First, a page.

The National Association of Realtors made some smart bets in the 2014 midterm elections, backing the winner in 11 of the 13 races that it pulled out the stops for, and helping Republicans regain control of the Senate and increase their majority in the House.
According to records compiled by the Center for Responsive Politics, NAR made more than $10 million in independent expenditures during this election cycle, placing six-figure bets on eight House candidates and five Senate hopefuls including soon-to-be Senate majority leader Mitch McConnell.
That’s up from $3.6 million in independent expenditures in the 2012 election cycle, when seven out of eight candidates who received big backing from NAR were re-elected.
This time around, of the nine Republicans who got major support from NAR, eight were winners, as were three of the four Democrats.
One reason NAR is so successful is that the trade association almost always backs incumbents — particularly those who hold positions on influential committees.
When the 114th Congress is sworn in Jan. 3, three members NAR sees as “Realtor party” allies will return to their seats on the House Financial Services Committee: Nevada Republican Joe Heck, Florida Democrat Patrick Murphy and Arizona Democrat Kyrsten Sinema.
Heck easily earned a third term in the House, winning 61 percent of the vote and trouncing Democrat Erin Bilbray. Murphy cruised to victory with a campaign war chest of $5 million, compared with opponent Carl Domino’s $500,000.
Sinema, first elected in 2012 in a tight race, won re-election to the House by a more comfortable margin.
One of the few races where NAR got behind a candidate who was not seeking re-election was in Massachusetts’ 6th Congressional District, where the trade association backed one of its own: Republican Richard Tisei, broker-owner of Lynnfield-based Northrup Associates Realtors.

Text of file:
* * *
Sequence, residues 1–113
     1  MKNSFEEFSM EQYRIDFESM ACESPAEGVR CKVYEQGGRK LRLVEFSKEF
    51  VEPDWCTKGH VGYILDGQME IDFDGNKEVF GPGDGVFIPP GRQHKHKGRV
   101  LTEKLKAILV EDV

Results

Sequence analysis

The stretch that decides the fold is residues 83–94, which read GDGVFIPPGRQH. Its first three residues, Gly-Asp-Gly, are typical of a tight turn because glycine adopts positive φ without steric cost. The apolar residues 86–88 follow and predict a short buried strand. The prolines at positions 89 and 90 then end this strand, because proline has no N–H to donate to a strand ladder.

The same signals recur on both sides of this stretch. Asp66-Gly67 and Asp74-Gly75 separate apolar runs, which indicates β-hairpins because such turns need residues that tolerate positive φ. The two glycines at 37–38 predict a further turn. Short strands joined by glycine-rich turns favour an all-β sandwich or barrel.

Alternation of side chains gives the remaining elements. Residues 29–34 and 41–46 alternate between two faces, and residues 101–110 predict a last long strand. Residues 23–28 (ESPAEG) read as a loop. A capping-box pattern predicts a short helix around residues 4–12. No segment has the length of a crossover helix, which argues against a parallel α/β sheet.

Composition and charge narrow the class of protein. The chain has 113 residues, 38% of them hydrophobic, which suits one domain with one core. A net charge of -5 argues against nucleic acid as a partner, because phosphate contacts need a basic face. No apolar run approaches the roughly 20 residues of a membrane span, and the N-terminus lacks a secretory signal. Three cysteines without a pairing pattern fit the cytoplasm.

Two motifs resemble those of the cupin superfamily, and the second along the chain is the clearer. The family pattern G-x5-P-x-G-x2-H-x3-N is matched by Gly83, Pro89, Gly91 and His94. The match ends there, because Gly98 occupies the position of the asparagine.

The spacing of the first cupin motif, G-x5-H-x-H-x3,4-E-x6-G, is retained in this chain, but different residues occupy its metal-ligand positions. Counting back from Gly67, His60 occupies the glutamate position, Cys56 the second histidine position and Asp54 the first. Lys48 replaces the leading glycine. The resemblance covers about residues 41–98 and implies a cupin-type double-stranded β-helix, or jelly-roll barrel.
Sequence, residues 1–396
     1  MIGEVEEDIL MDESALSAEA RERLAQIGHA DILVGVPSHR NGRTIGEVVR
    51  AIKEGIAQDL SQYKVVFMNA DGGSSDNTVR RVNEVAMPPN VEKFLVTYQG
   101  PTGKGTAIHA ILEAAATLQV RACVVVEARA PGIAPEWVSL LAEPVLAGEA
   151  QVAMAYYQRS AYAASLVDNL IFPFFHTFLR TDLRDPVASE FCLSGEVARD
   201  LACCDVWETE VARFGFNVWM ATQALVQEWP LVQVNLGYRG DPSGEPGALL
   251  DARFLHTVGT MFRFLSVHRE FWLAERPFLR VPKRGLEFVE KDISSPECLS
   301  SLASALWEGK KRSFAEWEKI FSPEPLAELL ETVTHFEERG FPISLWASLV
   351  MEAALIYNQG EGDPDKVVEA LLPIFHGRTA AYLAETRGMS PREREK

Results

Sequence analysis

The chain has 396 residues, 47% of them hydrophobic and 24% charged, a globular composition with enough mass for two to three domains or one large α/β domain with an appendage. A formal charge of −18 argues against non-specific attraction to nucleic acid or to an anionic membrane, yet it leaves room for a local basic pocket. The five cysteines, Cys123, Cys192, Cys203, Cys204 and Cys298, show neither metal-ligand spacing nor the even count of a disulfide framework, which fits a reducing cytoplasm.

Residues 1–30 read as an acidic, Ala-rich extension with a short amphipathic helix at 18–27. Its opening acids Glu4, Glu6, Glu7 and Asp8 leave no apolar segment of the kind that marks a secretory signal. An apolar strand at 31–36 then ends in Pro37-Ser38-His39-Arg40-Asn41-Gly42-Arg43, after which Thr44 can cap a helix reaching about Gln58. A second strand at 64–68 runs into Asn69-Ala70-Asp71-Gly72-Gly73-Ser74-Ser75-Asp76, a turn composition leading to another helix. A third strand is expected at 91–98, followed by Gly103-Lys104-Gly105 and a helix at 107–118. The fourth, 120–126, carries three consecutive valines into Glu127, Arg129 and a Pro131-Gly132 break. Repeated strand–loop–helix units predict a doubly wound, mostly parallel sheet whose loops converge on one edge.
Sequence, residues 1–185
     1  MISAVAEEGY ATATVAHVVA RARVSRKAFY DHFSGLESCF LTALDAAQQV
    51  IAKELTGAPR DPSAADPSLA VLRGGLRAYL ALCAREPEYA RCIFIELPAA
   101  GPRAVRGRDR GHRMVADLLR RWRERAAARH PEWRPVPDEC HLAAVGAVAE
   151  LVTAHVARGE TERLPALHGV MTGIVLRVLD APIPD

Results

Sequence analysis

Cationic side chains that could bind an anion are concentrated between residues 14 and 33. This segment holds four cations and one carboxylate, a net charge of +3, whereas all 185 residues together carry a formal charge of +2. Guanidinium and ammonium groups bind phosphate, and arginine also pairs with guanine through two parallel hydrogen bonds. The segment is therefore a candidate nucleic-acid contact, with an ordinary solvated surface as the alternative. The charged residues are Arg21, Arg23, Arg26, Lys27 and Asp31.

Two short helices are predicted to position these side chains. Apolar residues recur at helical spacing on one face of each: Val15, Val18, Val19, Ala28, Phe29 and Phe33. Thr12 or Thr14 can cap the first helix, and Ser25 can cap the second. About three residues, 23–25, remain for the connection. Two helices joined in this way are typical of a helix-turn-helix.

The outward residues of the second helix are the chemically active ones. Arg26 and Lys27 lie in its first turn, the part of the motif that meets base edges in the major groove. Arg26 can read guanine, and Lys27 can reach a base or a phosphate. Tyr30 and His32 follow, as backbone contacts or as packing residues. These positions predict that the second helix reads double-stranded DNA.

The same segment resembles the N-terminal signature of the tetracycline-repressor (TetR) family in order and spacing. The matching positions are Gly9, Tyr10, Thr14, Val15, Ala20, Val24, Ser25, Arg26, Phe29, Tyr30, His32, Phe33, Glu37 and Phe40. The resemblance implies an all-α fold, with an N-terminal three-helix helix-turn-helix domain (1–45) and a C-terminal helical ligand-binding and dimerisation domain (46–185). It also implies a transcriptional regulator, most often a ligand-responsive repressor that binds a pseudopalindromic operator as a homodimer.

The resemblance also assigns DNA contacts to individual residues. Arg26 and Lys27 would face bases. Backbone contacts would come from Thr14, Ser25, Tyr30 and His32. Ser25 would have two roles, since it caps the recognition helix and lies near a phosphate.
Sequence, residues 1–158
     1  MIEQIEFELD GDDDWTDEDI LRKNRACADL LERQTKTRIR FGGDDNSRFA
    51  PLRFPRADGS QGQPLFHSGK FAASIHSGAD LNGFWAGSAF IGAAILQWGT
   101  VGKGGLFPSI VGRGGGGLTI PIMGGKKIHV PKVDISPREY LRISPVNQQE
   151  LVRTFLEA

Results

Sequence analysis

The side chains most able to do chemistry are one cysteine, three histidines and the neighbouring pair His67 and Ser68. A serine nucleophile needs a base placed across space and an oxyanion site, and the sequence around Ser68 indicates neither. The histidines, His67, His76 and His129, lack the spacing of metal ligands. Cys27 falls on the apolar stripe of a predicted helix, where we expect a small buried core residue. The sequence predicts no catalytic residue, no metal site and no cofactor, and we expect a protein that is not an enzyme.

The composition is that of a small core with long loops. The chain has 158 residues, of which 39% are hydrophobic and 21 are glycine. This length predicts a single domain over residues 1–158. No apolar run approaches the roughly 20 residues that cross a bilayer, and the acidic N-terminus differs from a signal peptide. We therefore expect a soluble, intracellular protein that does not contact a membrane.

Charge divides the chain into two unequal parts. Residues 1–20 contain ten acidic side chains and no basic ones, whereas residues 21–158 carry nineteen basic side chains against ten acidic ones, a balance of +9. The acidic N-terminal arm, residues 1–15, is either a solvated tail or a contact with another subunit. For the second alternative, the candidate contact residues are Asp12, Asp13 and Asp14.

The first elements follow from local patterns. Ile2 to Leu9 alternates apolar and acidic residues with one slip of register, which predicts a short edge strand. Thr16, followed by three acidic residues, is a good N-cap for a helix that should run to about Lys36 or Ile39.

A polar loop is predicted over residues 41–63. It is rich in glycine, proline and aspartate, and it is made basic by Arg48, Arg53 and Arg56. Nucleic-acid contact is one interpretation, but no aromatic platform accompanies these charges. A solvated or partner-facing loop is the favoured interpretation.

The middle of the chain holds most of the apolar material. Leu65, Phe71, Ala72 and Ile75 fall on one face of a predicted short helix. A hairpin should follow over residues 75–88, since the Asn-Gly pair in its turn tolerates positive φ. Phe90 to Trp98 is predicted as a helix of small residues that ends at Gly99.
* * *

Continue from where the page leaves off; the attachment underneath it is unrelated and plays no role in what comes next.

Tisei, a Republican who almost unseated Democratic incumbent John Tierney in 2012, was trounced by 36-year-old Seth Moulton, a decorated Iraq War veteran running for office for the first time.
Moulton had previously defeated Tierney in the primary, after Tierney’s wife was convicted of tax fraud, denying him a 10th term in the House.
Top beneficiaries of NAR independent expenditures (House, 2014 election cycle)
|Reed, Tom||R-New York||$621,349||WON|
The only other candidate who received major backing from NAR only to go down to defeat on Election Day was Alaska Democrat Sen. Mark Begich.
Begich still hadn’t conceded Wednesday morning, but his opponent, Republican Dan Sullivan, was ahead by several thousand votes, a lead seen by many observers as insurmountable.
The other four Senate candidates NAR threw its biggest support behind — including Republicans McConnell of Kentucky, Thad Cochran of Mississippi and Pat Roberts of Kansas — are headed back to Washington, D.C., where McConnell is expected to take charge of the GOP-controlled Senate.
With NAR’s help, Cochran fought off a tea party-backed primary challenger to win a seventh Senate term.
Roberts came from behind in the polls to beat his opponent, millionaire businessman Greg Orman, not affiliated with either party, by a comfortable margin.
Top beneficiaries of NAR independent expenditures (Senate, 2014 election cycle)
|McConnell, Mitch||R-Kentucky||$1.89 million||WON|
|Begich, Mark||D-Alaska||$1.39 million||LOST|
All told, the National Association of Realtors Congressional Fund made $10.3 million in independent expenditures through Oct. 15, with $6.53 million spent in support of Republican candidates and $3.45 million to support Democrats.
NAR’s Realtors Political Action Committee (RPAC) also made $3.1 million in “hard money” contributions to the campaigns of dozens of House incumbents, with $1.59 million going to help fund the campaigns of Republicans and $1.51 million to Democrats. In the Senate, RPAC contributed $143,000 to Democrats’ election campaigns and $114,000 to Republicans.
Hard money contributions are limited to $5,000 per candidate in both primary and general elections, but the candidates’ campaign committees can spend that money wherever they think it will do the most good.
Since the Supreme Court struck down attempts to limit independent expenditures, NAR and other groups can spend pretty much whatever they want on Internet, television, and radio ads supporting a candidate or denigrating their opponent, but those efforts can’t be coordinated with the candidate they are trying to help. NAR raised member dues by $40 a year in 2012 to raise more money for political advocacy efforts.
NAR’s top legislative and regulatory priorities include protecting the mortgage interest deduction, preserving homebuyers’ access to FHA-backed mortgages, and making sure the government maintains a role in mortgage lending as lawmakers consider the future of Fannie Mae and Freddie Mac.